So non-trans researchers/practitioners in these fields look for information, find non-trans-affirming/trans-controlling stuff, and this becomes their basis for interacting with/caring for/working with trans people, and since they've read voices of authority that included zero-to-very-few trans authors, it reifies the notion that "non-trans must be better sources of information about trans people than trans people are themselves." Which is why I can't bring myself to be a "neutral" librarian about this issue, because this particular cycle of knowledge production, consumption, and use causes harm (to be clear: harm is certainly not the only produced effect, but it is significant). Still, the answer can't be through censorship, but rather through information literacy education (i.e., giving users context). But how to do that when researchers/practitioners in the psych/ss/medical fields are already imbued with superiority and entitlement? At the root: how to make them respect and value trans people?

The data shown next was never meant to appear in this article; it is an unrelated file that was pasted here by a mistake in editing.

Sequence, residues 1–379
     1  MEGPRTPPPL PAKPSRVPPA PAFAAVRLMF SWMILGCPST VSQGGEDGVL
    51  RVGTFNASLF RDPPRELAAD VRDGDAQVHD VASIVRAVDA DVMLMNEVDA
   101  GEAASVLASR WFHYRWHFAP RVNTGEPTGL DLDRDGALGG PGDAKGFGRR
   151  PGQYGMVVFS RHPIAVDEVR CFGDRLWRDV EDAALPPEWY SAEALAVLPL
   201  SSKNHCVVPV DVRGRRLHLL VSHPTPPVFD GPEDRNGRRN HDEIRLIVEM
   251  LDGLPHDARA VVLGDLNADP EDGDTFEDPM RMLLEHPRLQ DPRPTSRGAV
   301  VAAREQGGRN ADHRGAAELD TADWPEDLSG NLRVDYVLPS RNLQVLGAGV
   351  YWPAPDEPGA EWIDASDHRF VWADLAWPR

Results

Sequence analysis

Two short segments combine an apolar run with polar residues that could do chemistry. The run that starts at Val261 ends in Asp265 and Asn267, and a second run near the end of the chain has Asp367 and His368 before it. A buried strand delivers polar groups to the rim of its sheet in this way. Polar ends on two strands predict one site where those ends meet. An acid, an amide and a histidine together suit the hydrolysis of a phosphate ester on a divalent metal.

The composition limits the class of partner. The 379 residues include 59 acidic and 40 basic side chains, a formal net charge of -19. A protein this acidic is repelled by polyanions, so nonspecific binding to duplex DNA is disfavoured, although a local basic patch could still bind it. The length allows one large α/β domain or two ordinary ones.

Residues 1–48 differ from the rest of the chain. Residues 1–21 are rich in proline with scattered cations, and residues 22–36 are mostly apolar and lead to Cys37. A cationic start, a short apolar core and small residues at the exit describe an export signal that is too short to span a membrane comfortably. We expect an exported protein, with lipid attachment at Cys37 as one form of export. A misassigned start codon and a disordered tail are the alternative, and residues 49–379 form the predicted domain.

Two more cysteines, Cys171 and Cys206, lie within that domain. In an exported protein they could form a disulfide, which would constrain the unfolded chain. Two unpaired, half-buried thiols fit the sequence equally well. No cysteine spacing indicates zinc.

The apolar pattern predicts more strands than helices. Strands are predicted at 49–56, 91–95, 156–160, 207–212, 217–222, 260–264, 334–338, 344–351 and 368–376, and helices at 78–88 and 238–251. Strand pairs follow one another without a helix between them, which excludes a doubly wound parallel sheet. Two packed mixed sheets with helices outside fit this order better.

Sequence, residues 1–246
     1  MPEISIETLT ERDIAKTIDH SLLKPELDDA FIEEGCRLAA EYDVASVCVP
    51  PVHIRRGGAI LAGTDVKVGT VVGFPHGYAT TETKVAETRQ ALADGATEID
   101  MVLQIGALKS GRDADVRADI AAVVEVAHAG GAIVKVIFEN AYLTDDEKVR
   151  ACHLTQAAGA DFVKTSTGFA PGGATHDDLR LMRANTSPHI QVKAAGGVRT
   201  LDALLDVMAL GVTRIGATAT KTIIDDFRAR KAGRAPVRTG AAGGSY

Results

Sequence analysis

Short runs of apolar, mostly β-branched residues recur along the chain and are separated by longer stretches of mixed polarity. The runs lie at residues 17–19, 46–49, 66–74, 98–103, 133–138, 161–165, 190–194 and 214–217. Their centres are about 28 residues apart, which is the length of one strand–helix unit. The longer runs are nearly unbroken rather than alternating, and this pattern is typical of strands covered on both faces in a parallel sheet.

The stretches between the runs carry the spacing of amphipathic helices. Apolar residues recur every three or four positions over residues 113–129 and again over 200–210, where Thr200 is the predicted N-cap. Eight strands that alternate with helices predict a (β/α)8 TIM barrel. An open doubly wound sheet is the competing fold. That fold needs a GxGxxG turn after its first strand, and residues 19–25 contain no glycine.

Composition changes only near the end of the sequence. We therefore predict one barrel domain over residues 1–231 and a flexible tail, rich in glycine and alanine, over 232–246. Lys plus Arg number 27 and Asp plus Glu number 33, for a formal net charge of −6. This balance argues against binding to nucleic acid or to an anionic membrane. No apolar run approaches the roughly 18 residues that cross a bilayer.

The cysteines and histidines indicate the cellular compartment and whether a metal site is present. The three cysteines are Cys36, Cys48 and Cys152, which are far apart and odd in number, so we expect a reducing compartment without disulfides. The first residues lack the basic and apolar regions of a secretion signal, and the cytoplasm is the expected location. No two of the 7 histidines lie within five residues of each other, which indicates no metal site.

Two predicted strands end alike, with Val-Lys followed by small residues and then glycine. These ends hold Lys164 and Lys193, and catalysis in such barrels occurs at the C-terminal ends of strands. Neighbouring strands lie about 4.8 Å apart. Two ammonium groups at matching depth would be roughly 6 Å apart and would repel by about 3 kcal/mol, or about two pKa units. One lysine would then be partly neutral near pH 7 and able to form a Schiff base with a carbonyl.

No answers yet. What do you think?

13 May 2009

Why it bothers me when you say "lame".

"that's dumb."
"that's so stupid."
"that's gay."
"that's retarded."
"i'm such a spaz."
"that's ghetto."

This post is not about semantics, censorship, or "political correctness". It's about understanding the power of your words, and being intentional about them.

Even though I've gotten used to it, I still flinch every time someone uses "gay" as a pejorative, using those three letters as a sociolinguistic bridge to connect a complex social & sexual identity & experience with a much simpler concept: "bad".

By re-purposing "gay" like that, people reassign the meaning of the word, co-opting a signifier someone else's identity. By misusing it so often and without regard to context, they dilute its significance. It becomes a cheaper word, less valuable and less meaningful.

To me, it may be a mere annoyance at times, a frustration at others, or the last straw on a really bad day. What I'm saying is: when people use a term that has special significance in my life in a negative way, it does me harm, even if only a little.